- A matter cannot be referred to an approved medical specialist (AMS) where liability for an injury has not been determined by the Workers Compensation Commission of New South Wales (WCC).
- A finding of fact may only be disturbed on appeal if it is shown that it was wrong. It is not enough that a different inference could have been drawn.
Frankie Vaughan (the appellant) was employed by the Department of Education (the respondent) as a teacher. On 13 November 2012, the appellant suffered injuries when he took the weight of a number of pre-cut metal sheets when a shelf collapsed at his place of work.
There was a dispute regarding the nature of the injury. The appellant alleged that he sustained injuries to his right shoulder, left shoulder and right biceps. The respondent accepted liability for the cost of surgery to both shoulders. However, on 20 September 2016, the respondent issued a notice under s 74 of the Workers Compensation Act 1987 (NSW) (the 1987 Act) denying liability for the right and left shoulder injuries. The insurer accepted liability for the right biceps injury only.
On 5 May 2017, the appellant commenced proceedings in the WCC challenging the respondent’s decision to deny liability for his right and left shoulder injuries. At the arbitration hearing on 28 June 2017, the appellant submitted that the precise nature of his injuries was a matter for an AMS to determine. Arbitrator Wynyard (the Arbitrator) refused to refer the matter to an AMS, and in a Certificate of Determination dated 21 July 2017, the Arbitrator entered an award in favour of the respondent. The Arbitrator considered that the appellant had sustained a right biceps injury only, not injuries in his right and left shoulders.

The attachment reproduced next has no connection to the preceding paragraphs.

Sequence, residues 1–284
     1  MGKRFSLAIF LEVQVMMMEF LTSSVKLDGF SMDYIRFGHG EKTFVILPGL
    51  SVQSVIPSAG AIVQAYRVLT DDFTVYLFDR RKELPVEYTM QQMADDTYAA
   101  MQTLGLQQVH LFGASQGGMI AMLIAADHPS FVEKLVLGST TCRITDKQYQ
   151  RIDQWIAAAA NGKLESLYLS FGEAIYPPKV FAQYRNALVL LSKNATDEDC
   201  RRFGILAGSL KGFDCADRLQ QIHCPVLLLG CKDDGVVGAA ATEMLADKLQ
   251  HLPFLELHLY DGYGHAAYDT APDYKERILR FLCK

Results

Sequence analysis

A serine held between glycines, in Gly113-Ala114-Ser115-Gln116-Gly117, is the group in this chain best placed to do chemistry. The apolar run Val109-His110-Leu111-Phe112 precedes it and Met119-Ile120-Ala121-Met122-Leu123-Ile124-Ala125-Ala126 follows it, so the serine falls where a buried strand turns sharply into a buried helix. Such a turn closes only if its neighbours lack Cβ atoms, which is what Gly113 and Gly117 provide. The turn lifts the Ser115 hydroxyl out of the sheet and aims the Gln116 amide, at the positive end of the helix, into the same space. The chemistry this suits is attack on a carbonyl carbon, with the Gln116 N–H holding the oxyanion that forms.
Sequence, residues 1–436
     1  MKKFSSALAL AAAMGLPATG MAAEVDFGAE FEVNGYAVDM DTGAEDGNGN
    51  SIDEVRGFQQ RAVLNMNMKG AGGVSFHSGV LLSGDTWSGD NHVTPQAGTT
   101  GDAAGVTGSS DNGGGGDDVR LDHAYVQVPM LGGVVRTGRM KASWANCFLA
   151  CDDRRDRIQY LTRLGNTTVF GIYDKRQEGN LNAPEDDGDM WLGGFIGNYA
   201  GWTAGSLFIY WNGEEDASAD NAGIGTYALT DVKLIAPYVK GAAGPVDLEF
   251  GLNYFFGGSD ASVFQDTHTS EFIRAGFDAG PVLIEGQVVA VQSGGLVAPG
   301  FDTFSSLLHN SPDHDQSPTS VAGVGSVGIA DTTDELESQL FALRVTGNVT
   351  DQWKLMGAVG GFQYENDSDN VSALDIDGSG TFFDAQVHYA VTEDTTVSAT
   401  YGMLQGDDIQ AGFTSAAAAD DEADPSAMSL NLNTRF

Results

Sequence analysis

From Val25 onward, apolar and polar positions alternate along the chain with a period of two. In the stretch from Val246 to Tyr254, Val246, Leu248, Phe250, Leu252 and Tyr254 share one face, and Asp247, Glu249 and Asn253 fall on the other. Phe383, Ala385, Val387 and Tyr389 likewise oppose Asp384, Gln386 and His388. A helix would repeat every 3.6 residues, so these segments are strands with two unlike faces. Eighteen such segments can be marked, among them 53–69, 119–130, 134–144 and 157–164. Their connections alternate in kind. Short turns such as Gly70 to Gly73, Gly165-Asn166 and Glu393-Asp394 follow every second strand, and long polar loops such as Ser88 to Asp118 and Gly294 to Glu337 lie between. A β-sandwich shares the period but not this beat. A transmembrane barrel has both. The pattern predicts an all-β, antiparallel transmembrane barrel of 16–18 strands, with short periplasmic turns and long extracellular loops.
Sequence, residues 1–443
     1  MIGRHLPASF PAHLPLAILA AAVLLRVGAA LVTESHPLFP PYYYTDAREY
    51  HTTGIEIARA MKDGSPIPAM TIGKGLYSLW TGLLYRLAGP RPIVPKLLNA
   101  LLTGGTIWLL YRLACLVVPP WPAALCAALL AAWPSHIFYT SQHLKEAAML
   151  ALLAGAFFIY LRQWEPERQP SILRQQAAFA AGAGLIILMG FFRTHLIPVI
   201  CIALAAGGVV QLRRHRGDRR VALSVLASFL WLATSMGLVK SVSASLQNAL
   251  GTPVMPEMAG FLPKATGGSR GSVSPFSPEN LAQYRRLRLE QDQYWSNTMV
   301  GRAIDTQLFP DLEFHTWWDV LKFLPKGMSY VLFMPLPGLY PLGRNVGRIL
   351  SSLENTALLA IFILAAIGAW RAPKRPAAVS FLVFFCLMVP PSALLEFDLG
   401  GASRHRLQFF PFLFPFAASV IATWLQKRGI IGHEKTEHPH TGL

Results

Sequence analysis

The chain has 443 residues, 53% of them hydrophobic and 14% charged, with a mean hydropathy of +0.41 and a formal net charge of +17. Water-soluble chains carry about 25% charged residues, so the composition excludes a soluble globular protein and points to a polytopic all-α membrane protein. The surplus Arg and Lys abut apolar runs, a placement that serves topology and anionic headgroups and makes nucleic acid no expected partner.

In his statement of reasons, the Arbitrator referred to the medical evidence finding that there was no treatment of the appellant’s left shoulder until May 2013 and no support for the ‘later claim’ that it was injured on 13 November 2012. The Arbitrator referred to the respondent’s acceptance of liability for the cost of the surgery to both shoulders, stating that payment of compensation does not ‘of itself create an admission of liability’, applying Department of Education & Training v Sinclair. The Arbitrator concluded that he was “unable to determine on the balance of probabilities that the [right and left shoulder] injuries alleged by [Mr Vaughan] were sustained on 13 November 2012”.
The appellant appealed the Arbitrator’s decision. The appeal was lodged out of time and the appellant made an application to extend time pursuant to r 16.6(12) of the Workers Compensation Commission Rules 2011 (the Rules).
The grounds of appeal addressed the following two key issues:
- whether the Arbitrator exceeded his statutory authority in making findings regarding the right and left shoulder injuries, and
- whether the Arbitrator fell into error in the way he analysed the evidence.
On 10 January 2018, Acting President Michael Snell (the Acting President) refused the appellant’s application to extend time.